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Publication numberUS5706156 A
Publication typeGrant
Application numberUS 08/591,025
Publication dateJan 6, 1998
Filing dateJan 25, 1996
Priority dateJan 25, 1995
Fee statusPaid
Publication number08591025, 591025, US 5706156 A, US 5706156A, US-A-5706156, US5706156 A, US5706156A
InventorsKaoru Narita
Original AssigneeNec Corporation
Export CitationBiBTeX, EndNote, RefMan
External Links: USPTO, USPTO Assignment, Espacenet
Semiconductor device having an ESD protective circuitry
US 5706156 A
Abstract
A semiconductor device has a protective circuitry including a common discharge line, a first protective device connected between one of input/output terminals and the discharge line, and a second protective device connected between one of Vcc and ground terminals and the discharge line. The second protective device has an on-resistance as much as 1/2 of the on-resistance of the first protective device. Each of the power terminals and ground terminals generally has a large capacitance to accumulate a large amount of electric charge during a CDM test after charging of the semiconductor device as a whole. The low on-resistance prevents the inner circuit and input/output buffers of the semiconductor device from being applied with a higher potential during subsequent grounding of the semiconductor device in the CDM test.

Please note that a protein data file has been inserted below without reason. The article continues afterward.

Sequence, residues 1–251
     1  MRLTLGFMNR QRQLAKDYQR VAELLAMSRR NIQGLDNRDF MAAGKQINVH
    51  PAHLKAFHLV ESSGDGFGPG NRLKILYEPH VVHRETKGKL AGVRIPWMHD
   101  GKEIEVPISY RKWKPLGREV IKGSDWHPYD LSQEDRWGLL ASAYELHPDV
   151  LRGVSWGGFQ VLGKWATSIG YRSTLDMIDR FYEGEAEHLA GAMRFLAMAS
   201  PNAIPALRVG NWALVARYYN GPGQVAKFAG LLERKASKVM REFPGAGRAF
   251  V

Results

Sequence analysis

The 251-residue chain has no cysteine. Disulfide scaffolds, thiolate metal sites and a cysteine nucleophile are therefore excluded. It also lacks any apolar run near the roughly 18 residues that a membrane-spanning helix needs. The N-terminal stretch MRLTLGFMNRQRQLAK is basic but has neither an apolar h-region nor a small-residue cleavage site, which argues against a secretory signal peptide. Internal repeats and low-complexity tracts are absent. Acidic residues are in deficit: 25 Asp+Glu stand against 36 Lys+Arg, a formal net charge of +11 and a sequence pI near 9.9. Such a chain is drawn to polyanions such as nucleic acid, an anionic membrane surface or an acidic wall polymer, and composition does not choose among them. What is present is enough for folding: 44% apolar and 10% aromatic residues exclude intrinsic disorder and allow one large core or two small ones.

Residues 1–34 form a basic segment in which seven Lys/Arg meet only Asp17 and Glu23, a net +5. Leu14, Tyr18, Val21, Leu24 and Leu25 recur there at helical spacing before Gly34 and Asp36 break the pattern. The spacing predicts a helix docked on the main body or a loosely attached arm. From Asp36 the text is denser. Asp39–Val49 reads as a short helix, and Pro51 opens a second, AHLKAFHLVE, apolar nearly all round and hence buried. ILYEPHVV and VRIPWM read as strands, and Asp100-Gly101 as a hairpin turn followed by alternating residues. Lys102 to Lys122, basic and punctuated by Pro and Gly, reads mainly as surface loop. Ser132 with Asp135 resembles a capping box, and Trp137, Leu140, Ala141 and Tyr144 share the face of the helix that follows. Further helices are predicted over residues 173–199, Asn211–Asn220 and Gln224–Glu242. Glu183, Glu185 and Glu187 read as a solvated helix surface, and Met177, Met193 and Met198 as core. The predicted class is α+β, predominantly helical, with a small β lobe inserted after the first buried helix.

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Claims(18)
What is claimed is:
1. A semiconductor device, comprising:
a substrate;
an inner circuit formed on said substrate;
an external terminal group disposed for said inner circuit and including a plurality of first terminals and a plurality of second terminals; and
a protective circuitry including:
a common discharge line;
a first protective device connected between each of said first terminals and said common discharge line; and
a second protective device connected between each of said second terminals and said common discharge line, each of said first terminals having a first parasitic capacitance, each of said second terminals having a second parasitic capacitance larger than said first parasitic capacitance,